LiveCode uses midnight, January 1, 1970 as the start of the eon. Date and time functions are computed from that date.
So, the function the seconds gives you the current time in seconds since since very arbitrary starting point. As I write this sentence, the current time, in seconds, according to LiveCode is 1605704460. But now, as I write this sentence the time is 1605704492. So, if you subtract the first from the second you get 32 seconds. That interval is the basis for how my app works.

Doing Two (or More) Things at Once

The important thing to note is that while the timer is running, the app is constantly checking to see if the user presses any buttons. In contrast, many apps work by waiting until the user presses a button to perform a task. The app does the task, then waits for the user to press another button. If the task takes a long time to complete, the user has to wait until the task is completed before any other buttons can be pressed. Doing one thing at a time versus doing multiple things at the same time may sound like a subtle difference, but it requires a special programming technique to pull this off.

Here is the code for the app's engine called MainEventLoop, a procedure I wrote to run everything in the background while the user chooses timing intervals and clicks buttons to stop and stop the app's timer:

1:  on MainEventLoop  
2:    if varRunMainLoop is true then  
3:     lock screen  
4:     put the seconds into varSecondsEnd  
5:     LloydStopWatch  
6:     unlock screen  
7:    end if  
8:    put the pendingMessages into tMessages   
9:    repeat for each line aLine in tMessages   
10:     if item 3 of aLine is "mainEventLoop" then cancel item 1 of aLine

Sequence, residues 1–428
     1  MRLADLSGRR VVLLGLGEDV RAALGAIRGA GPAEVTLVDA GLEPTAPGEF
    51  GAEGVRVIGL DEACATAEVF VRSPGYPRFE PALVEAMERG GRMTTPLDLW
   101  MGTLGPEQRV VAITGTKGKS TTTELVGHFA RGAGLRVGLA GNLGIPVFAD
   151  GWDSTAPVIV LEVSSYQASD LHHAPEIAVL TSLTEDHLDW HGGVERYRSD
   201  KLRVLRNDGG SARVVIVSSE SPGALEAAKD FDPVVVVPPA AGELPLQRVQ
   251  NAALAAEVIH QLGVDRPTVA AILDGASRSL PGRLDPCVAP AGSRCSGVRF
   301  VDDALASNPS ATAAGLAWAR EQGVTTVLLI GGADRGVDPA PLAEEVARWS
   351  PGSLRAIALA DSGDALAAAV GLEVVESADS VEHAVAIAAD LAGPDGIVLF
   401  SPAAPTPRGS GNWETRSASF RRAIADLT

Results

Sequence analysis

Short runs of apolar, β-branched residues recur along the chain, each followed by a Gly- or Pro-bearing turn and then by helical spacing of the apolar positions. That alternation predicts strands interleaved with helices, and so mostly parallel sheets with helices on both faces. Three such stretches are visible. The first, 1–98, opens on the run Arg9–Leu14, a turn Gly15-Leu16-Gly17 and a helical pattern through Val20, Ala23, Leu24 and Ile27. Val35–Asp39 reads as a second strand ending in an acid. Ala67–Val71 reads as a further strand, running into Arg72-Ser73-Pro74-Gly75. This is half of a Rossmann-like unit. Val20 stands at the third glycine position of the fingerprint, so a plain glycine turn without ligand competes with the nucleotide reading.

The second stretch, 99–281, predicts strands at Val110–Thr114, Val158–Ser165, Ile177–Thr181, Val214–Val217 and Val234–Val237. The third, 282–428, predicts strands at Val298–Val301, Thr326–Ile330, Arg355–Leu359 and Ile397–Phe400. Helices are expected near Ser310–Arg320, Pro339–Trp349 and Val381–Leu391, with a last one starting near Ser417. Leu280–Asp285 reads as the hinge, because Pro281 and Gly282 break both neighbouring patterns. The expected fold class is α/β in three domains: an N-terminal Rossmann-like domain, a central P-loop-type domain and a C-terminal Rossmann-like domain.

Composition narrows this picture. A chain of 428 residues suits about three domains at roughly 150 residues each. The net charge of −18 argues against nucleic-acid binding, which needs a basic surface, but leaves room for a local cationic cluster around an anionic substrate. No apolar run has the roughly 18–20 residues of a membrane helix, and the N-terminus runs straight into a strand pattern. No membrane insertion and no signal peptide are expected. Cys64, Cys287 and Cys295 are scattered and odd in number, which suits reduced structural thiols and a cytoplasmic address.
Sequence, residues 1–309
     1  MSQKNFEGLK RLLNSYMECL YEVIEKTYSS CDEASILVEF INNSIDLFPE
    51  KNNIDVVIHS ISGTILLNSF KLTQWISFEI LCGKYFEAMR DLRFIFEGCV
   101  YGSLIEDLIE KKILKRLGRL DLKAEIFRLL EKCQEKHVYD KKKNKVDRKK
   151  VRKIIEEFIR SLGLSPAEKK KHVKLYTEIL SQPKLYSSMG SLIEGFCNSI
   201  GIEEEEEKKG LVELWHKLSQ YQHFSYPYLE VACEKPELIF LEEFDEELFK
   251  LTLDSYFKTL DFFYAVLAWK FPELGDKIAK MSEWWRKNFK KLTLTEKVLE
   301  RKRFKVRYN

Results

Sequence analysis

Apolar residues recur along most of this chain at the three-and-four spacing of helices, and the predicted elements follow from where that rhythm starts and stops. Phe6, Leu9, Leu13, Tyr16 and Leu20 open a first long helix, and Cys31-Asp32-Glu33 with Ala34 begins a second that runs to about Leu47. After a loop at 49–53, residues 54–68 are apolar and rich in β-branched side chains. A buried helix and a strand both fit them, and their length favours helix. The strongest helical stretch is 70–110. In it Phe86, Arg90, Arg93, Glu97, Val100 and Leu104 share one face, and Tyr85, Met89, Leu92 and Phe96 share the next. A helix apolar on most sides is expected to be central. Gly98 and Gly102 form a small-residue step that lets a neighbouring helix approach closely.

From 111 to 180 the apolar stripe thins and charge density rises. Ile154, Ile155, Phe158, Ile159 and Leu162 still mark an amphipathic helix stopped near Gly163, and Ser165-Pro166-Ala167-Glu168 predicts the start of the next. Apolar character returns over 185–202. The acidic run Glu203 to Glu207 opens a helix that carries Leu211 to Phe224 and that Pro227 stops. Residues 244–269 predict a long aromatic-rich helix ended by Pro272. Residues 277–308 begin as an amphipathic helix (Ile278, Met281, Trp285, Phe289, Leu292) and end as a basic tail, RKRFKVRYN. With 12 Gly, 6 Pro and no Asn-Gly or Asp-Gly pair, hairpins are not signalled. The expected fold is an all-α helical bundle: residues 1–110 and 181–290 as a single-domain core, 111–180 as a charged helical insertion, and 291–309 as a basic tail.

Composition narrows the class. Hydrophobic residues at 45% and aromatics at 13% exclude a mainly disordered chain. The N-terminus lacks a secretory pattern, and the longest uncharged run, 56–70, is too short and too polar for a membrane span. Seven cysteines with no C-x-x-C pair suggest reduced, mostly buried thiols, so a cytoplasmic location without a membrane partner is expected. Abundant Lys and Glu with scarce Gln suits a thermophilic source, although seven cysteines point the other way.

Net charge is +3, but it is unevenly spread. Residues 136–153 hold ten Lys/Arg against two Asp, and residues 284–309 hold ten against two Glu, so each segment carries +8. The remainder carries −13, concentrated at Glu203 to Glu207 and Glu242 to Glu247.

11:    end repeat    
12:    send "mainEventLoop" to me in 50 milliseconds  
13:  end MainEventLoop  
14:
15:  on LloydStopWatch    
      The magical code goes here
16:  end LloydStopWatch  

A procedure called MainEventLoop just runs and runs by looping forever while the app is running. This works by having it "call itself" in line 12 in a very short amount of time (i.e. 50 milliseconds). I know, that's a very weird idea. It's usually very hard for new programmers to grasp. I know it was for me. In that short amount of time, it completes any assigned task while "watching" to see if the user does something, such as clicking a button. There is nothing special about 50 ms. It could be called in one second, but 50 ms is plenty of time for the app to do its work.

Another procedure, LloydStopWatch, has all of the code that actually computes how many seconds have transpired since starting the timer. This code also keeps track of the intervals and knows when play a chime at the end of each interval. Note that line 5 is where the LloydStopWatch procedure is triggered, but only if the variable varRunMainLoop is true. This variable controls whether the timer is active. If the user clicks the Start button it becomes true. If the user clicks the Stop button, it switches to false.

So, how does one get MainEventLoop to start running. The answer is in the code for the button "Start:"

1:  on mouseup  
2:    put 0 into varTimeCurrentLoop  
3:    put 0 into varIntervalTotal  
4:    put 1 into varIntervalTurn  
5:    put false into varRestartInterval  
6:    put empty into field "notes"  
7:    put empty into field "Interval Totals"  
8:    put empty into varTimeLog  
9:    put field "Iminutes1" into varIminutes1  
10:    put field "Iseconds1" into varIseconds1  
11:    put field "Iminutes2" into varIminutes2  
12:    put field "Iseconds2" into varIseconds2  
13:    put field "Iminutes3" into varIminutes3  
14:    put field "Iseconds3" into varIseconds3  
15:    put true into varRunMainLoop  
16:    put the seconds into varSecondsBegin  
17:    put varSecondsBegin into varSecondsBeginInterval  
18:    MainEventLoop  
19:  end mouseup  

Lines 2-18 initiate all of the main fields and variables, essentially getting them ready for the start of a new timing session. Line 15 sets the variable varRunMainLoop to true and line 18 initiates the MainEventLoop procedure.

Lines 9-14 takes whatever interval values the user had entered and passes them on to unique variables for each for use within the LloydStopWatch procedure.

Line 16 essentially checks the current time and becomes the moment in time from which the time elapsed is figured. This value is held by the variable varSecondsBegin. Line 4 in the MainEventLoop procedure continually checks the current time, puts it in a variable named varSecondsEnd, then calls the LloydStopWatch procedure. The time elapsed in seconds is simply the difference between these two values. This simple subtraction problem is happening every 50 ms.